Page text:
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I know that this code:

Set<String> set = new HashSet<String>() {{

is really:

Set<String> set = new HashSet<String>() {

The initializer block is being executed before the constructor block. In the above example, add("test1") is called before the constructor being executed. The constructor may be initializing many of the instance fields, so that this class would work. I am wondering why calling .add() before constructor would work? Is there any case that cause an issue?

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This will probably fall under 'unspecified behaviour'... –  11684 Jan 18 '13 at 18:53
Interesting question. I don't really have an answer but I think you're making an incorrect assumption here. If you look at the constructor of HashSet it does this: map = new HashMap<E,Object>(); and the add method does this: return map.put(e, PRESENT)==null;. If your assumption was correct, this would cause a NPE. –  tieTYT Jan 18 '13 at 18:57
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4 Answers

up vote 16 down vote accepted

There is a detail you left out that explains this.

First of all, let's review steps 3 through 5 of the initialization procedure (summarized):

3. the superclass constructor is called
4. the instance initializers are called
5. the body of the constructor is called

The detail that you've left out is that your expression is not simply creating a new instance of the HashSet class, it is in fact creating a new instance of an anonymous subclass of HashSet. (I believe this is specified in section 15.9.1.)

Since you did not declare a constructor, the default constructor is used. But before that, the constructor of the superclass HashSet has completed.

So, in summary, the HashSet constructor completes before your initializer block runs.

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Thanks, Samuel. You exactly explained the piece that was missing. That block of code is not initializing HashSet, but an anonymous subclass of HashSet. –  user926958 Jan 18 '13 at 19:13
@user926958, it's an easy detail to miss in this example. If you'd derived from an interface like Set or an abstract class, you would be required to add some method definitions which would make it more obvious a new class in being defined here. –  Samuel Edwin Ward Jan 18 '13 at 19:20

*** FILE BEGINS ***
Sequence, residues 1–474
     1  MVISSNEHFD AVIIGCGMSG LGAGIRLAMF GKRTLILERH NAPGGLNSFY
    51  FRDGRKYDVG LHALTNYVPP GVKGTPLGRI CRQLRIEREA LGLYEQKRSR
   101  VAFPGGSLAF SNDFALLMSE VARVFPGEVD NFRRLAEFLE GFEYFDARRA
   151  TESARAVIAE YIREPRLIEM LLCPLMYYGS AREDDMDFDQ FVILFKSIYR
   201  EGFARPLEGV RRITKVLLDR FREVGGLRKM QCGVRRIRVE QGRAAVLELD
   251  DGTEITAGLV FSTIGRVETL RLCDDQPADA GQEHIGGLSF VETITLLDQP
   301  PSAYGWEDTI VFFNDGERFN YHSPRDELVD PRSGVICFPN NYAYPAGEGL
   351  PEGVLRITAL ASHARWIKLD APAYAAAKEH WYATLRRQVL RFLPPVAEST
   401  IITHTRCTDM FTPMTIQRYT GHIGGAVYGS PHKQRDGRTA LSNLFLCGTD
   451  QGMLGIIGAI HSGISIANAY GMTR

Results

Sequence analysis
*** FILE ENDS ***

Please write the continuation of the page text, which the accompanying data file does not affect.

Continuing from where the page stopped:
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This assumption is wrong:

The initializer block is being executed before the constructor block.

Because in this particular case, the initializer block is part of the constructor block.

The docs state clearly that

The Java compiler copies initializer blocks into every constructor. Therefore, this approach can be used to share a block of code between multiple constructors.

I think you are confusing with static initializers.

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Check out my comment on the original question. Wouldn't the block have to occur after every constructor instead of before it? Not that you're saying otherwise, I just want to understand better. –  tieTYT Jan 18 '13 at 18:59
The order looks like to be initializer before constructor, at least I got it from here: stackoverflow.com/questions/2007666/… –  user926958 Jan 18 '13 at 19:02
I don't mean to be rude but this is NOT what's happening; the initalizer block is called after super but before the rest of the constructor which would cause issue in most cases; he is doing in an inline extension of the HashMap class which is why this always works. –  Andrew White Jan 18 '13 at 19:03
It is anonymous subclass, so the OP's initializer block will be converted to a class with a constructor with a body that looks like super(); add("test1"); add("test2"); –  11684 Jan 18 '13 at 19:09
What do you think that code does?? It's is an anonymous subclass of HashSet. –  mprivat Jan 18 '13 at 19:35
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Instance initializers are executed just after the object is constructed. You are basically creating an inline extension of the HashSet and then "right after" it is created you are adding two items to it.

This is a common use pattern in mock objects for testing, such as in JMock, but also has other handy uses.

Hope this helps.

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It is not executed after the object is constructed. It is executed during object construction, between the super class constructor and the constructor body. –  Geoff Reedy Jan 18 '13 at 19:02
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I consider this to be a bad practice because it creates pointless subclasses which can affect the memory usage and performance of the application. Anyway, the program is correct because the superclass constructor is called before the instance initializers. So when your initializer is run, the HashSet constructor has run so the call to add will work.

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